No. 423
Crime, Eccentricity, and the Sporting Life in 19th Century America.
April 23, 2019

In a Deadly Folding-Bed.

December 15, 2014
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Spanish general Jose Aranguren was shot on this date in 1939 by Franco’s Spain. A brigadier general of the Civil Guard — an internal-to-Spain paramilitary/law enforcement force that remained predominantly loyal to the Republic during the Spanish Civil War — Aranguren (the very cursory English Wikipedia entry | the more detailed Spanish) at the outset […]
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ExecutedToday.com - 4/22/2019

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The Savoy bookstore in Westerly, R.I. was cram-packed with Borden case enthusiasts this evening as author Cara Robertson held forth …

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Lizzie Borden : Warps & Wefts - 3/26/2019
"Roses are red, Violets are blue, And my cat is, too." Cats and weird little stories from the past.  What could be more Strange Company than that?  For this reason, I'm delighted to temporarily pass the blog's steering wheel over to Peggy Gavan, whose upcoming book, "The Cat Men of Gotham: Tales of Feline Friendships in Old New York" (Rutgers University Press, May 3, 2019,) is now available
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Strange Company - 4/22/2019

Jeff and Joe Soapy Smith buries Joe Simmons The Illustrated Police News April 9, 1892 (Click image to enlarge) oe Simmons was a tall, slender gambler known to many as “Gambler Joe” Simmons, a member of the Soap Gang who managed Soapy Smith's Tivoli Club in Denver, 1890, and Soapy's Orleans Club in Creede, 1892. According to William Devere’s poem "Two Little Busted Shoes," Simmons
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Soapy Smith's Soap Box - 3/25/2019
Rosa Buckstahlen and Ida Bjornstad, servants in the Chicago mansion of Amos J. Snell, were awakened at 2:00 the morning of February 8, 1888, by the sound of a gunshot from the floor below. They heard someone shout “Get out! Get out of here!” followed by more gunshots, then silence. Thinking that all was well—or more likely, too frightened to do anything else—the girls went back to sleep.
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Murder by Gaslight - 4/20/2019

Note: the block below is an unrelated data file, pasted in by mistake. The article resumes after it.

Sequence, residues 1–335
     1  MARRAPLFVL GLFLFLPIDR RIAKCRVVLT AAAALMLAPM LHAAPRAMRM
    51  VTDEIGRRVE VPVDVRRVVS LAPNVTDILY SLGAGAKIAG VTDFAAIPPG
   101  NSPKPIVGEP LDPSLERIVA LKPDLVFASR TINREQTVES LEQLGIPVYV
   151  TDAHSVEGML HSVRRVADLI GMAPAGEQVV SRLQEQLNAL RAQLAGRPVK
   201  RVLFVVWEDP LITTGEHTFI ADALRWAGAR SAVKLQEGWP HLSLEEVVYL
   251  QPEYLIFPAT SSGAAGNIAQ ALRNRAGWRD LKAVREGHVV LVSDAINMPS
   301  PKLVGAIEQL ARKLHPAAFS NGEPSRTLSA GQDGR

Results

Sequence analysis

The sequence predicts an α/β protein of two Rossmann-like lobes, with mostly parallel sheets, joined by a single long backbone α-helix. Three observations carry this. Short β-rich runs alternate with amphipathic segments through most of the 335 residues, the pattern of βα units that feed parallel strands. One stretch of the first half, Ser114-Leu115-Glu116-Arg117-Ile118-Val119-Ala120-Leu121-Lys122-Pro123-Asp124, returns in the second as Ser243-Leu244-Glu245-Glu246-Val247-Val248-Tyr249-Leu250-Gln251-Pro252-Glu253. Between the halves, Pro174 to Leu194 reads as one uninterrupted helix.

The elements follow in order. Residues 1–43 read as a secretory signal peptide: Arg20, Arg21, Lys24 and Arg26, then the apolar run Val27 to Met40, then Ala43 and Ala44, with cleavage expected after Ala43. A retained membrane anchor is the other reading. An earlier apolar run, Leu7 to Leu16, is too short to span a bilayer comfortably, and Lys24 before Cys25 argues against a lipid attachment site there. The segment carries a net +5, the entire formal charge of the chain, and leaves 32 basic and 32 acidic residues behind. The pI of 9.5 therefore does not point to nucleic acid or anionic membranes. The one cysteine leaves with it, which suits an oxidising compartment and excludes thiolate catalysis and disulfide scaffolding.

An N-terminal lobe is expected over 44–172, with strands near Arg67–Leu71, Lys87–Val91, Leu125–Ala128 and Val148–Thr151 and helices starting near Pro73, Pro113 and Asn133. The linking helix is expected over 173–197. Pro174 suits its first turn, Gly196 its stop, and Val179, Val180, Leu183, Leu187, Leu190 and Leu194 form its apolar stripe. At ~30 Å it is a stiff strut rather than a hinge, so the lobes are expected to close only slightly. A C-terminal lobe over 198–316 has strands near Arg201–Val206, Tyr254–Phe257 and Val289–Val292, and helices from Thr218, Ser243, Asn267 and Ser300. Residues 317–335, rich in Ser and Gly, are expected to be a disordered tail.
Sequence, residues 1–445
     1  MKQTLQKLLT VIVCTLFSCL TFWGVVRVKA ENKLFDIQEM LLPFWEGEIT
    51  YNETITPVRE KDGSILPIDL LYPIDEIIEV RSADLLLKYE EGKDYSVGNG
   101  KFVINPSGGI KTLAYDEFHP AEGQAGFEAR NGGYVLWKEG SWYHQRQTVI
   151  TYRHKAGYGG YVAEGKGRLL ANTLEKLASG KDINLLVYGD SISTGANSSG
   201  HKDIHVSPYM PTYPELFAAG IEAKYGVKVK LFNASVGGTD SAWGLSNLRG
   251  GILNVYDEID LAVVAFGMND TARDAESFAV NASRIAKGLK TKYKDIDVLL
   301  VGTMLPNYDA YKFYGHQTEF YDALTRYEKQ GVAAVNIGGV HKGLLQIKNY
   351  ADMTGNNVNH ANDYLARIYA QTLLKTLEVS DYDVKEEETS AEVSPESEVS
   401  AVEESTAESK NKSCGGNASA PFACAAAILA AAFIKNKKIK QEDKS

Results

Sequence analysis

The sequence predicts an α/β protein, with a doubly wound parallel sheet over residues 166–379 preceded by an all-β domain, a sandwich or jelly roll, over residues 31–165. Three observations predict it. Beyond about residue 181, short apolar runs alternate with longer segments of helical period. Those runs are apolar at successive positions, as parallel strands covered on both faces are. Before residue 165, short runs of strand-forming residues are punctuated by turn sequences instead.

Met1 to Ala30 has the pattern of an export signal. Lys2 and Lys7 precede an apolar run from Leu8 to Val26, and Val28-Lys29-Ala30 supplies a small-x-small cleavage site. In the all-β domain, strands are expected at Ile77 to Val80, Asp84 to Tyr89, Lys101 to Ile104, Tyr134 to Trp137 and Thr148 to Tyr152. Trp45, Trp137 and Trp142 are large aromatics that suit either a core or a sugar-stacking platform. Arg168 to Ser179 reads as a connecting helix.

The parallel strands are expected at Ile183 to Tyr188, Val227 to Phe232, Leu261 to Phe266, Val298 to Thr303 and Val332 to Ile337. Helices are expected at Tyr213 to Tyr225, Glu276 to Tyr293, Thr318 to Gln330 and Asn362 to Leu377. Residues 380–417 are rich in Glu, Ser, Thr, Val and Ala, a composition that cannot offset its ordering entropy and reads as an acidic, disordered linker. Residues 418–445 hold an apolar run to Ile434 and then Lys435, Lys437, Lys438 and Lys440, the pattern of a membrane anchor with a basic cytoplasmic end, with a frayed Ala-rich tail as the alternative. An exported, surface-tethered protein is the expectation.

I count six transportation options Brooklynites had in 1915, according to this rich and detailed postcard of Flatbush Avenue. There’s the elevated train, of course, as well as a streetcar, automobile, bicycle, horse and wagon, and of course, getting around on foot, as most of the crowd seems to be doing—when they’re not mugging for […]
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Ephemeral New York - 4/21/2019
[Editor’s note: Guest writer, Peter Dickson, lives in West Sussex, England and has been working with microfilm copies of The Duncan Campbell Papers from the State Library of NSW, Sydney, Australia. The following are some of his analyses of what he has discovered from reading these papers. Dickson has contributed many transcriptions to the Jamaica Family […]
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Early American Crime - 2/7/2019
Merry Christmas! | She Went into the Scrimmage.

In a Deadly Folding-Bed.

Deadly Folding-Bed Two sleeping girls are imprisoned and one of them is nearly killed at Louisville, KY. [more]

Miss Lena Summers and Miss Nellie Mitchell were caught in a folding-bed recently in the fashionable boarding-house of Mrs. H.L. Mitchell, in Broadway, at Louisville, Ky. Miss Mitchell was not much hurt, but Miss Summers was unconscious when rescued, and has not yet regained her senses. No bones were broken, but her face is swelled, and the doctors believe she has sustained internal injuries that may prove dangerous. The accident happened about 2 o’clock in the morning. The house was aroused by the smothered shrieks of the girls. The bed was let down with difficulty, but in time to save them from suffocation. The girls had been asleep at the time, and the cause of the bed’s queer action cannot bue surmised. It is the second time it has acted in this way. Si months ago it flew up while occupied by a Miss Johnson, who was, however, rescored unhurt but badly scared. The bed is of the ordinary pattern.


Reprinted from the National Police Gazette, December 8, 1894